Commuter benefit laws
Some cities have started enforcing commuter benefit laws that help employees pay for their work commute. These laws allow employees to set aside pretax money to pay for their commutes, which reduces out-of-pocket costs. These laws help both you and your employee by reducing the tax liability associated with this employee’s payroll. You will save in payroll taxes and your employee will be able to lower their taxable income.
Cities with passed commuter benefit laws
- San Francisco: San Francisco has had a commuter benefit law in place since 2009, which applies to companies operating in the city of San Francisco that have 20+ employees. SF companies have the option to set up pretax commuter benefits, provide a 100% employer-paid benefit, or provide transportation (bus or van service). See the San Francisco Commuter Benefits Ordinance for more information.
- New York City: Effective on January 1, 2016, New York City employers with 20+ full-time employees must offer those employees the option to use pretax income to pay for their commute. See the New York Commuter Benefits Ordinance for more information.
- Washington DC: Similar to the San Francisco commuter benefit law, Washington DC has mandated that companies have the option to set up a pretax commuter benefit, provide a 100% employer-paid benefit, or provide transportation (bus or van service). See the District of Columbia Employer Transit Benefit Ordinance for more information.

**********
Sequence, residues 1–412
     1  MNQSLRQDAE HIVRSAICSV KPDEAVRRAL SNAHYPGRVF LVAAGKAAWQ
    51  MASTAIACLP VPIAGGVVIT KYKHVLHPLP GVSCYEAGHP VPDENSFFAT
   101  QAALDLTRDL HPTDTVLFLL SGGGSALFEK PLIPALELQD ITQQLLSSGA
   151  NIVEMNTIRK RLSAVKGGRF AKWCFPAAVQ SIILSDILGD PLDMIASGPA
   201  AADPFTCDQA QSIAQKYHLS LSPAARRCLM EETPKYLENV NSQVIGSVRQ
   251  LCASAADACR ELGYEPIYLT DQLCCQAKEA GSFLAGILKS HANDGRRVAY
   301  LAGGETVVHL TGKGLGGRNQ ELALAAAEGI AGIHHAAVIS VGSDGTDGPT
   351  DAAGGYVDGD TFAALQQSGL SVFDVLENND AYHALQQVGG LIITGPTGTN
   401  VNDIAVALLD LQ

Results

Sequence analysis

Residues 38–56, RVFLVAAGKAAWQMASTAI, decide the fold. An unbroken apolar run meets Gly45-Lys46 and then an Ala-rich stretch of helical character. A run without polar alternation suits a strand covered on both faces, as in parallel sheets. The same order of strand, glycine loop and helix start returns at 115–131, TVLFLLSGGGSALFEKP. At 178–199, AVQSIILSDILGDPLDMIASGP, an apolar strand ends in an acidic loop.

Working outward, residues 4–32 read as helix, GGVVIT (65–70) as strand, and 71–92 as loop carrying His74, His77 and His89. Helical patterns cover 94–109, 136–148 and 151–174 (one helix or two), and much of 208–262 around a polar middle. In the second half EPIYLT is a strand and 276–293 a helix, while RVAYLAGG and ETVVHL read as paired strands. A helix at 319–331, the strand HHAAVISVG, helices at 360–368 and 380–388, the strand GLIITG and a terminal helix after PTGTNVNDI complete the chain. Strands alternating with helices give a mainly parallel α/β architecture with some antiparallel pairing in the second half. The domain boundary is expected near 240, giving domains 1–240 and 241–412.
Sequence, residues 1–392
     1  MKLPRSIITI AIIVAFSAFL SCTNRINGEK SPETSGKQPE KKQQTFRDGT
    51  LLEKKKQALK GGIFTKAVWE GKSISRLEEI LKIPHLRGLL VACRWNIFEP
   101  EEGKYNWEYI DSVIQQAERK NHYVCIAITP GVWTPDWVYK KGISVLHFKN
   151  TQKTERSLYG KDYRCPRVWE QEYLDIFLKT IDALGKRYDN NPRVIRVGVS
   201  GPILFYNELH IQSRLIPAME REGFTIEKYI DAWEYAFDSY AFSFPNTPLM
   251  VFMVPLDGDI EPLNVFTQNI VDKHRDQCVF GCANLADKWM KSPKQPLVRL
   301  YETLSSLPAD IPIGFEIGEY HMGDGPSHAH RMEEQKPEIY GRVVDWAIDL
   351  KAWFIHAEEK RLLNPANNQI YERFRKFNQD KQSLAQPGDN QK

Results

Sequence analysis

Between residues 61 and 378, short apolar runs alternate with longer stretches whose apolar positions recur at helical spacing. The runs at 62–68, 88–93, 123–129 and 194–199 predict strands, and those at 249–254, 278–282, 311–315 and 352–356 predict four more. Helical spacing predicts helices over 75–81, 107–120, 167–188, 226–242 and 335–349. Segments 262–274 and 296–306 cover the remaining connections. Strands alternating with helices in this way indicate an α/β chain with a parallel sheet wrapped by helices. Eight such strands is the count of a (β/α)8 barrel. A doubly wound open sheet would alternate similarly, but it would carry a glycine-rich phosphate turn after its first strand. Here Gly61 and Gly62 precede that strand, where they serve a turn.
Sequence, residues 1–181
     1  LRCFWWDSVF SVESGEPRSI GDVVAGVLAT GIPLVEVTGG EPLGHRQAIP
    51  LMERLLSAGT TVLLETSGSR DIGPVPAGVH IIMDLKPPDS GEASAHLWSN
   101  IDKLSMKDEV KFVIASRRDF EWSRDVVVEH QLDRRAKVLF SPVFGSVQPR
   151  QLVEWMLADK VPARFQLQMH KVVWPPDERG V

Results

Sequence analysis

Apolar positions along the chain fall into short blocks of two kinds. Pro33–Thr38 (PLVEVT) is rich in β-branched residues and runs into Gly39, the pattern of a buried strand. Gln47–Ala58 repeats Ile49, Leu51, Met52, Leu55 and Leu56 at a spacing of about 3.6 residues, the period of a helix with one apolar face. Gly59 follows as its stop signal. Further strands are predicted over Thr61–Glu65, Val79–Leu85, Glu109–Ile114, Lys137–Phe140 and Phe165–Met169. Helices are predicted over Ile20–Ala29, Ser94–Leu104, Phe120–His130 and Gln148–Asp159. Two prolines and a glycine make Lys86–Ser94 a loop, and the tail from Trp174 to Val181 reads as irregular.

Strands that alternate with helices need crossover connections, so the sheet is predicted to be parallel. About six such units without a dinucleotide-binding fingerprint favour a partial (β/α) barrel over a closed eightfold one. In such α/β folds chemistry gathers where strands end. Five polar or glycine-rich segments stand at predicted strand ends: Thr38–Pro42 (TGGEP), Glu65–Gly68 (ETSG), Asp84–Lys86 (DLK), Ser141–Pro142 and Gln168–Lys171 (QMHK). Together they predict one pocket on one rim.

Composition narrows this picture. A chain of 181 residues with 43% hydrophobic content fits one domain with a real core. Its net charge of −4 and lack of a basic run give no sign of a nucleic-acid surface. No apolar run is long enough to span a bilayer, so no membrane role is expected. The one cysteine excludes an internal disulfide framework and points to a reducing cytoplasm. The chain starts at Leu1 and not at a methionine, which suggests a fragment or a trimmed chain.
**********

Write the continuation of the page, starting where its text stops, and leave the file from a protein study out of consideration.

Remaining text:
This law applies to your company if you employ 20+ full-time, non-union employees who work in New York City, Washington DC, or San Francisco. The pretax income must be used to pay for public or privately owned mass transit or in a commuter highway vehicle.
Commuter benefits and Gusto
Gusto can now help manage commuter benefits for you internally. If you have external commuter benefits you can add the benefit for payroll purposes and we'll deduct the employee's commuter benefit amount from their pay. We'll leave that money in your company's bank account to move externally.